We cannot agree. Plaintiff's bids to the several contractors were offers expressly made to continue until June 6th, and then be withdrawn in the absence of advices from the contractors that they were used in the figuring. Such advices were sent, and the bids remained open offers until accepted or withdrawn. That an offer does not ripen into a contract until acceptance is hornbook law. Plaintiff recognizes that this is so. He seeks to avoid its effect here by importing into the exchange of telegrams a conditional acceptance. Unfortunately for plaintiff, it is just as much hornbook law that where a contract is claimed as resulting from an offer and an acceptance, the offer must be clear, definite and complete, and the acceptance must be in the terms of the offer. The plaintiff's telegram of the 4th was not a conditional offer. It was an absolute one to continue under the condition fixed until accepted. Defendant's telegram of the 6th sent in direct response to plaintiff's of the 4th contains nothing from which an acceptance of the offer, conditional or otherwise, can be implied.
The district judge was right in holding that the exchange of telegrams constituted no contract. He was right too in holding that plaintiff did not prove a contract resting in parol. The judgment is affirmed.
I think the exchange of telegrams constituted an offer and acceptance, and that the finding and conclusion of the trial court that there was no contract is clearly erroneous.
Favret, a general contractor, invited Williams, a subcontractor, to submit a bid on the electrical work at the U.S. Naval Training Center at Gulfport, Mississippi. Favret and Williams were strangers to each other, but each was familiar with the procedure for the award of government contracts on such projects, and both of them knew that the general contractor's overall bid would be opened along with other bids at 11 a.m. on June 6, 1944. Knowing that bids would be opened on June 6, 1944, Williams made his bid and advised Favret: "If our estimate used wire us collect prior to June 6 or else same is withdrawn." I think it clear that this language meant that Williams was not willing to leave his offer to the general contractor hanging in mid air, but that he wanted to have it accepted or rejected prior to the submission of the general contractor's bid. Favret, an experienced contractor, understood this qualification of Williams' bid, and, accordingly, moved to protect himself on June 6, 1944, by sending Williams a telegram advising him: "We used your bid for wiring on barracks and dispensary Gulfport." The telegram was sent by Harold Favret, the son and apparent agent of the general contractor. Harold Favret testified that his father authorized him to send the telegram. On that same morning, Harold Favret called Williams by long distance telephone and discussed the bid.
The bid of Favret on the project was accepted by the Government and he received the contract. Williams learned that the contract had been awarded to Favret and he set about ordering supplies and making arrangements to carry out his end of the work. He heard nothing from Favret about starting the work, and it was not until June 28, 1944, in answer to a letter of inquiry, that Favret advised Williams that he had given the electrical work to someone else. Favret advised Williams that the reason he gave the work to someone else was because "your bid * * * was found to be incomplete." But the bid was not incomplete, and Favret had not previously complained. Indeed, Williams' bid was used by Favret as a basis in the general bid which was accepted by the government. The excuse that the bid was incomplete is but an obvious afterthought excuse for avoiding a solemn agreement. The fact is that Favret, after accepting Williams' bid, shopped around and found that he could get someone else to do the work at a lower price. That a more advantageous contract could be entered into, should not permit the abrogation of a valid and binding contract already entered into.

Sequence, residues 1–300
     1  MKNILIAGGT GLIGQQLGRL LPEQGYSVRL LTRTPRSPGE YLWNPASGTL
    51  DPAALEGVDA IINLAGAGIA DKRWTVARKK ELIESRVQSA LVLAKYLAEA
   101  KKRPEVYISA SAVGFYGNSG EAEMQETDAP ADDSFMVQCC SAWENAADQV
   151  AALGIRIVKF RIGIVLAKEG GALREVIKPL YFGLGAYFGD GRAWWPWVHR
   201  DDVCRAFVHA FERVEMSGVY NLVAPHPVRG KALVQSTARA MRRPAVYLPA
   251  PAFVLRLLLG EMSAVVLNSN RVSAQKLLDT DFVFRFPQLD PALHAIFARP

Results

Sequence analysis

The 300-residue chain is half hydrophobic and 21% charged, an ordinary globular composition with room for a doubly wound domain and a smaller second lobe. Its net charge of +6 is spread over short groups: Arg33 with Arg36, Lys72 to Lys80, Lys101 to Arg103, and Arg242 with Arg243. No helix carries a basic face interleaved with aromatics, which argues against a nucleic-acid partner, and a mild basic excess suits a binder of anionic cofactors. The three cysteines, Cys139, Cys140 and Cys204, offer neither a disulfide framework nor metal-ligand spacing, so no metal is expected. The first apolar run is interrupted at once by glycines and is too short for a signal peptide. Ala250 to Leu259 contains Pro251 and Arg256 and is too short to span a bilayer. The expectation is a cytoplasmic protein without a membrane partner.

I think the exchange of telegrams, viewed in their proper setting, clearly demonstrates that it was the purpose and intention of the parties to create an effective and binding contract between them, conditioned only on Favret being awarded the general contract. Williams made his offer, and after Favret advised him within the time limit that he was using it in his general bid, Williams was bound; and after Favret was awarded the government contract, Williams could not withdraw his offer, he could not change his price, he had to do the work at Favret's call. The testimony of Harold Favret clearly shows that the telegram was sent to Williams for the purpose of holding him to his bid:
"Q. You were wanting to hold Mr. Williams to his bid? Correct? A. Here is the point. Mr. Williams threatened to withdraw that bid prior to the time we submitted our bids, which, if we banked on his bid entirely, and he withdrew it, it would cause us to be in error in our estimate."
Could Williams be bound and Favret remain free to do as he pleased? I know of no such one-sided application, hornbook or otherwise, of the law of contracts.
I agree with the majority opinion that it is hornbook law that an offer does not ripen into a contract until there is an acceptance. But here there was an offer and an acceptance. If the exchange of telegrams did not establish offer and acceptance, what was their purpose and meaning? It is also hornbook law, and in Louisiana the statute law as well, that a contract may be made by more than one instrument; that agreements are construed as a whole; that the construction placed upon an agreement by the parties furnishes a rule for interpretation; and that the terms of the agreement "must be taken in the sense most congruous to the matter of the contract." La.Civil Code, Arts. 1955, 1956, 1952.
In this record we do not have the benefit of the evidence of Lionel F. Favret, the general contractor, for he did not testify. We do have the evidence of his son, Harold Favret, who was his estimator and who sent the telegram of acceptance to Williams with his father's consent. Harold Favret hits the nail on the head when he says he wanted to hold Williams to his bid because "if we banked on his bid entirely, and he withdrew it, it would cause us to be in error in our estimate."
To my mind this is simply a case where a contract was made and one of the parties withdrew because he found later that a better and more favorable contract could be made with someone else. To allow Favret to thus welch on his contract is unthinkable.
The judgment should be reversed and the cause remanded for a new trial. I respectfully dissent.